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A twip (abbreviating "twentieth of a point", "twentieth of an inch point" or "twentieth of an Imperial point") is a typographical measurement, defined as 1/20 of a typographical point. One twip is 1/1440 inch or 17.639 µm when derived from the PostScript point at 72 to the inch, and 1/1445.4 inch or 17.573 µm based on the printer's point at 72.27 to the inch.
Twips are screen-independent units to ensure that the proportion of screen elements are the same on all display systems. A twip is defined as being 1/1440 of an inch.
A pixel is a screen-dependent unit, standing for 'picture element'. A pixel is a dot that represents the smallest graphical measurement on a screen. Twips are the default unit of measurement in Visual Basic (version 6 and earlier, prior to VB.NET). Converting between twips and screen pixels is achieved using functions such as TwipsPerPixelX and TwipsPerPixelY.
Twips are a commonly used unit with Symbian OS bitmap images and are also used internally in SWF format. They are also used in Rich Text Format from Microsoft for platform-independent exchange and they are the base length unit in OpenOffice.org and its fork LibreOffice.
Flash internally calculates anything that uses pixels with twips (or 1/20 of a point). Sprites, movie clips and any other object on the stage are positioned with twips. As a result, the coordinates of (for example) sprites are always multiples of 0.05 (i.e. 1/20).
An en is a typographic unit, half of the width of an em. By definition, it is equivalent to half of the height of the font (e.g. in 16 point type it is 8 points). As its name suggests, it is also traditionally the width of an uppercase letter "N". The en dash (–) and en space ( ) are each one en wide.
An agate is 5.5 typographical points, or about 1/14 of an inch. It can refer to either the height of a line of type, or to a font that is 5.5 points. An Agate font was commonly used to display statistical data or legal notices in newspapers. It is the smallest point size that can be printed on newsprint and remain legible.
Truchet is a typography unit invented by Jean Truchet (1657 – February 5, 1729). 1 point (Truchet) is 0.188 mm. This unit is obsolete today and is no longer used.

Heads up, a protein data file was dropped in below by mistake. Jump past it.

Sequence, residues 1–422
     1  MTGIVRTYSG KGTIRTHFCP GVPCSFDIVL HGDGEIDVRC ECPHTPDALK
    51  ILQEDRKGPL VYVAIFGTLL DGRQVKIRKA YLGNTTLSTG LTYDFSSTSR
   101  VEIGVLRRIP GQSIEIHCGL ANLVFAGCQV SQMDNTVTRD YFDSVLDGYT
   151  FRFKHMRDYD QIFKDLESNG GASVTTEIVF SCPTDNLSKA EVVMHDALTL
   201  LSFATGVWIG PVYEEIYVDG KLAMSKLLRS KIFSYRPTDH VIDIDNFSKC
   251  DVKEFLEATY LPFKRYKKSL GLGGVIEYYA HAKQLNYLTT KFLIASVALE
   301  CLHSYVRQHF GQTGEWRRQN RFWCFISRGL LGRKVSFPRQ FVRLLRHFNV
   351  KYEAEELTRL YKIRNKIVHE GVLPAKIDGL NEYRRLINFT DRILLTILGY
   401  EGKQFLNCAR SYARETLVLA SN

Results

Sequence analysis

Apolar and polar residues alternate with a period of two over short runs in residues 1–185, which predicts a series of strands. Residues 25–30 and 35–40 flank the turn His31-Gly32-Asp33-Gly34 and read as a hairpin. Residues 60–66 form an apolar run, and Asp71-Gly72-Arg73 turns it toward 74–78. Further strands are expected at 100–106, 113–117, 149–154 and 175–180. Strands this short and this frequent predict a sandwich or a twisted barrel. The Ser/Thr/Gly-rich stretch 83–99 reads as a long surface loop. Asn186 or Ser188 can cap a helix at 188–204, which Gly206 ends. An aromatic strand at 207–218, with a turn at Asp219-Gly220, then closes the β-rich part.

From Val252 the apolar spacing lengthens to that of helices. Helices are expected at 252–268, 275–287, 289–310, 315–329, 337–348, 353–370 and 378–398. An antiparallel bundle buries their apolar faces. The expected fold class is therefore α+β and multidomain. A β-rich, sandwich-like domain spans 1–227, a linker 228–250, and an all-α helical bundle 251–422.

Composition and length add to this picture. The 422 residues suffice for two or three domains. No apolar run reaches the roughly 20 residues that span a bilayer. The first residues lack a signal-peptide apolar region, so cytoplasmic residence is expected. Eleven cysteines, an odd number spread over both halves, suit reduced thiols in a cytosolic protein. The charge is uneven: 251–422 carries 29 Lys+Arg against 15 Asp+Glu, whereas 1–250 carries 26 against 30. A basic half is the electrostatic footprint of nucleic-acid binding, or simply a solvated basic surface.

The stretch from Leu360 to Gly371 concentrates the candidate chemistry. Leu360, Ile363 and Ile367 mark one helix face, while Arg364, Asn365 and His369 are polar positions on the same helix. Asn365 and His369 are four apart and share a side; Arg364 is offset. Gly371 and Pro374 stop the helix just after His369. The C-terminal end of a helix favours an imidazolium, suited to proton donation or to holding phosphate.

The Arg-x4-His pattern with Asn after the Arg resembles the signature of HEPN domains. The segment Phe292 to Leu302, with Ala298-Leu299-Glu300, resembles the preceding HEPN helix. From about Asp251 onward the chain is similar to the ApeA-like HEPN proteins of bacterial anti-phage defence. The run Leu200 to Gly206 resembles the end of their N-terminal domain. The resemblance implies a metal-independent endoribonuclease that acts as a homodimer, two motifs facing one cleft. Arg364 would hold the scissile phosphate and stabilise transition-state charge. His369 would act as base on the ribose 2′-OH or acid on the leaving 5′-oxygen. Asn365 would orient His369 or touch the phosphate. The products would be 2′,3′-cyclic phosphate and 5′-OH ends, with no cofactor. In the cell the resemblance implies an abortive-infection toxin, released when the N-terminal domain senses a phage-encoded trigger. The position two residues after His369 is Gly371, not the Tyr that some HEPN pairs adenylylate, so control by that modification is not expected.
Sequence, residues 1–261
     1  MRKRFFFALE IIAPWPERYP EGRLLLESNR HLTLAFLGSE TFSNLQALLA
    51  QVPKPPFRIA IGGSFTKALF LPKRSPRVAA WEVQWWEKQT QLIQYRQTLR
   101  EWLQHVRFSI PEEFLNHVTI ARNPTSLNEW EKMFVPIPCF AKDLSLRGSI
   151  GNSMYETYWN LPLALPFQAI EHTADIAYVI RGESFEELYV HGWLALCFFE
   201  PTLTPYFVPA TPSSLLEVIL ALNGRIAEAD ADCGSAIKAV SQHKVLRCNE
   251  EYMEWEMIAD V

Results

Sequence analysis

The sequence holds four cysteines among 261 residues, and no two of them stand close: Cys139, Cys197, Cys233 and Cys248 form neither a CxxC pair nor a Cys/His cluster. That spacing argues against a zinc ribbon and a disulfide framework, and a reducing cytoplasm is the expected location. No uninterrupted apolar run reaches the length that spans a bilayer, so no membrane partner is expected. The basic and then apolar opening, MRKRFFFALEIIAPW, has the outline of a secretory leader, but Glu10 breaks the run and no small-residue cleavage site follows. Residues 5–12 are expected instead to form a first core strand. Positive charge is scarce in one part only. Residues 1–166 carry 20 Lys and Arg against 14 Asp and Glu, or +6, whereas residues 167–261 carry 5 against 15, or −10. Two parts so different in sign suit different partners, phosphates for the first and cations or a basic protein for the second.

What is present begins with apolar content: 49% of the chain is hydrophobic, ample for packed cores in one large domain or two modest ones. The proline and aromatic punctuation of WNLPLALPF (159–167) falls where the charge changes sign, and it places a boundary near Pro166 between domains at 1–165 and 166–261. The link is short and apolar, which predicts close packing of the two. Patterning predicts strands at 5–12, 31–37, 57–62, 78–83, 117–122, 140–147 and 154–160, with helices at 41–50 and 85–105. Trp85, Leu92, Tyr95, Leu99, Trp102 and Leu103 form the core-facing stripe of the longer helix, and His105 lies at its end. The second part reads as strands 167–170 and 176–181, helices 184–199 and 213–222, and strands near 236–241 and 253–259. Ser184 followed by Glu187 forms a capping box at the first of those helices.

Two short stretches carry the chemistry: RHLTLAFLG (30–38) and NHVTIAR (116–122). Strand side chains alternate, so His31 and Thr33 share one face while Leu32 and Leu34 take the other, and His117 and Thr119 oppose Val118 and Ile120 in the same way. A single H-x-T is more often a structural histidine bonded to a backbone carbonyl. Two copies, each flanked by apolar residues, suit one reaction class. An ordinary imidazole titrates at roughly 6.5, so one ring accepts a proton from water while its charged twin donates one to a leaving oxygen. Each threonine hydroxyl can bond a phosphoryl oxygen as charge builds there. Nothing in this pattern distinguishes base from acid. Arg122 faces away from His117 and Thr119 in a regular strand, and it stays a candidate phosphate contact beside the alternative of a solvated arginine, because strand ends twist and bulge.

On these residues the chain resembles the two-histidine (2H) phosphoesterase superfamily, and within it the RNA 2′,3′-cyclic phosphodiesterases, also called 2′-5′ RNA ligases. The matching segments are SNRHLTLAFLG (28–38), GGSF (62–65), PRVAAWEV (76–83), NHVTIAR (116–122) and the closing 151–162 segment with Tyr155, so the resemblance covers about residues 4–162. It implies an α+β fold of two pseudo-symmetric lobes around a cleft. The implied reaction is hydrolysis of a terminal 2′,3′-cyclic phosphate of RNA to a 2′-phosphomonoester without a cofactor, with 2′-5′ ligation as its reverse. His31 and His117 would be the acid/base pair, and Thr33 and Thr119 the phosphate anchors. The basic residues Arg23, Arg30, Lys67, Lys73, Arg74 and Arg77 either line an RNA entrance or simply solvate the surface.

A pica /ˈpaɪkə/ is a typographic unit of measure corresponding to 1⁄72 of its respective foot, and therefore to 1⁄6 of an inch. The pica contains 12 point units of measure.
The pica originated around 1785, when François-Ambroise “L'éclat” Didot (1730–1804) refined the typographic measures system created by Pierre Simon Fournier le Jeune (1712–1768). He replaced the traditional measures of cicéro, Petit-Roman, and Gros-Text with “ten-point”, “twelve-point”, etc.
To date, in printing these three pica measures are used:
The French pica of 12 Didot points (also called cicéro) generally is: 12 × 0.376 = 4.512 mm (0.177 in).
The American pica measure of 0.013837 ft. (1⁄72.27 ft). Thus, a pica is 0.166044 in. (4.2175 mm)
The contemporary computer pica is 1⁄72 of the International foot of 1959, i.e. 4.233 mm or 0.166 in. Notably, Adobe PostScript promoted the pica unit of measure that is the standard in contemporary printing, as in home computers and printers.
Note that these definitions are different from a typewriter's pica setting, which denotes a type size of ten characters per horizontal inch.
A cicero is a unit of measure used in typography in Italy, France and other continental European countries, first used by Pannartz and Sweynheim in 1468 for the edition of Cicero's Epistles, Ad Familiares. The font size thus acquired the name cicero.
It is 1⁄6 of the historical French inch, and is divided into 12 points, known in English as French points or Didot points. The unit of the cicero is similar to an English pica, although the French inch was slightly larger than the English inch. There are about 1.063 picas to a cicero; a pica is 4.23333333 mm and a cicero is 4.5 mm.
Cicero (and the points derived from cicero) was used in the early days of typography in continental Europe. In modern times, all computers use pica (and the points derived from pica) as font size measurement – alongside millimeters in countries using the metric system – for line length and paper size measurement.
IN refers to a French variant of the point and is equivalent to 0.4mm.
In Europe, the Didot point system was created by François-Ambroise Didot (1730–1804) in c. 1783. n Didot’s point system:
1 point = 1⁄6 ligne = 1⁄72 French Royal inch = 15 625⁄41 559 mm ≤ 0.375 971 510 4 mm, however in practice mostly: 0.376 000 mm, i.e. + 0.0076%.
In Didot’s system, some point sizes have traditional names such as Cicero (before introduction of point systems, type sizes were called by names such as Cicero, Pica, Ruby, Long Primer, etc.). The following is a table of Didot type size names: